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First Past the Post electoral system

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The first-past-the-post electoral system is an election voting system for single-member districts, variously called first-past-the-post (FPTP)), winner-take-all, plurality voting, or relative majority. The proper name of this system in political science is Single-Member District Plurality, or SMDP. This system is in use at all levels of politics - famously in the United Kingdom. The United States uses it to determine which slate of electors goes to the Electoral College, but generally uses runoff voting for other federal or local elections. First-past-the-post systems are common in former British colonies, but proportional representation ("PR") systems are more common in other democracies, especially those with parliamentary systems. For a thorough list, see below.

Table of contents

Voting

Each voter selects one candidate.

Counting the votes

All votes are counted and the candidate (or proposal) with the most votes is declared the winner.

An example

4 candidates: Andrea, Brad, Carter, and Delilah.

  • 35 voters choose Andrea
  • 27 voters choose Brad
  • 16 voters choose Carter
  • 11 voters choose Delilah

Andrea is elected with the most votes. Note that this system does not require that the winner have a majority, but only a plurality. That is, Andrea wins because she has the most votes, even though this only constitutes about 39% of the total votes cast.

Duverger's law

According to Duverger's law, first-past-the-post systems lead to a two-party system. A prominent exception to this rule is Canada, where a multi-party system was able to develop because parties are concentrated in different regions from one another.

Anomalous results

An interesting anomaly in the results of this system arose in the Canadian federal election of 1926 for the province of Manitoba. The province was entitled to 17 seats in that election. The percentage of votes received across the province were
  • Conservatives 42.2%
  • Labour Progressives 19.5%
  • Liberals 18.4%
  • Progressives 11.2%
  • Labour 8.7%
The apportionment of seats however was
  • Conservatives 0
  • Labour Progressives 7
  • Liberals 4
  • Progressives 4
  • Labour 2
The Conservatives clearly had the largest number of votes across the province, but received no seats at all. The other parties were able to have success by having concentrated support in particular constituencies.

Potential for tactical voting

There is enormous potential for tactical voting. Voters only get one chance to express their preference, so if they express it for a candidate who stands little chance of winning, they do not get to choose between the popular candidates. Because of this, most voters vote for the candidate they prefer among those candidates who they believe have a chance of winning. Therefore, candidates often vie to seem that they are more likely to win, rather than that they are preferable.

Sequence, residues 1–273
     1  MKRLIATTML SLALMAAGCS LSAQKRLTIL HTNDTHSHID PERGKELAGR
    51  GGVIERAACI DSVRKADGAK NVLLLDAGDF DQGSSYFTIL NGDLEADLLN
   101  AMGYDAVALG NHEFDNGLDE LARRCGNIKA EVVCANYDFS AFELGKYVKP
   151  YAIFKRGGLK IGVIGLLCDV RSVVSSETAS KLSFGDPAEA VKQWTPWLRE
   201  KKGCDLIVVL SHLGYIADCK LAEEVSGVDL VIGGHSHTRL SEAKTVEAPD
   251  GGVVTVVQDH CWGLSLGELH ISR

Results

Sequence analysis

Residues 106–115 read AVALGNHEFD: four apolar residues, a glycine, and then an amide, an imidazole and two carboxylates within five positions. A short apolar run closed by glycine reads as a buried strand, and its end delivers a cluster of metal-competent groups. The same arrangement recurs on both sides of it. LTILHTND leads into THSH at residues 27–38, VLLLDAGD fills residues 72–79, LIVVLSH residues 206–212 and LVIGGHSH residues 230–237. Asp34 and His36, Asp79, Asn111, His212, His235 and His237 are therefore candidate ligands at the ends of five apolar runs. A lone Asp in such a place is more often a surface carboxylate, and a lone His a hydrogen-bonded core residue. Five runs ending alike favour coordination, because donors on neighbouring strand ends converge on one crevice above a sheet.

To counteract tactical voting, sometimes groups of like-minded voters will hold preliminary, or primary, elections amongst themselves to choose a candidate for the true election. This ensures that their vote will not be split amongst similar candidates. Sometimes this is institutionalized in the form of a political party.

Where it's used

Countries that use this system to elect the lower or only house of their legislature:

Bahamas -- Bangladesh -- Barbados -- Belize -- Botswana -- Canada -- Dominica -- The Gambia -- Grenada -- Jamaica -- Federated States of Micronesia -- Nepal -- Papua New Guinea -- Saint Kitts and Nevis -- Saint Lucia -- Saint Vincent and the Grenadines -- Samoa -- Solomon Islands -- Trinidad and Tobago -- United Kingdom (Westminster elections) -- United States (Presidential elections) -- Zambia

The first past the post election system is used on Taiwan for executive offices such as county magistrates, mayors, and the president, but not for legislative seats which used the single non-transferable vote system. This has produced an interesting party structure in which there are two broad coalitions of parties which cooperate in executive elections but which compete internally in legislative elections.

Source: Making Votes Count, Gary Cox (1997)

What the critics say

Critics of the system argue that it can lead to under-representation, and government by minority. If there are three candidates in an election, it is possible for the winner to have received only one more vote than his or her competitors, and thus two thirds of the electorate have voted against the winner. This system also discourages individuals from voting for smaller political parties who they might otherwise support, because their votes will effectively not count in the final tally. This aspect of the system has been cited as both an advantage and a disadvantage.

If the system has multiple areas, such as the states in the electoral college system for the US presidential elections, or the constituencies for the UK parliamentary elections, the system favors political parties with concentrated geographical support, as they can command the majority in that area. This facet of the system leads to the practice of gerrymandering, which is the drawing of electoral district boundaries for the purpose of influencing an election.

Another criticism of this system is that in some situations, the winner may not have a majority, and in fact often does not. Critics point to the existence of other voting systems which are not vulnerable to this, such as runoff voting, instant-runoff voting, approval voting, or Condorcet's method. When multiple seats are involved, proportional representation is also often suggested.

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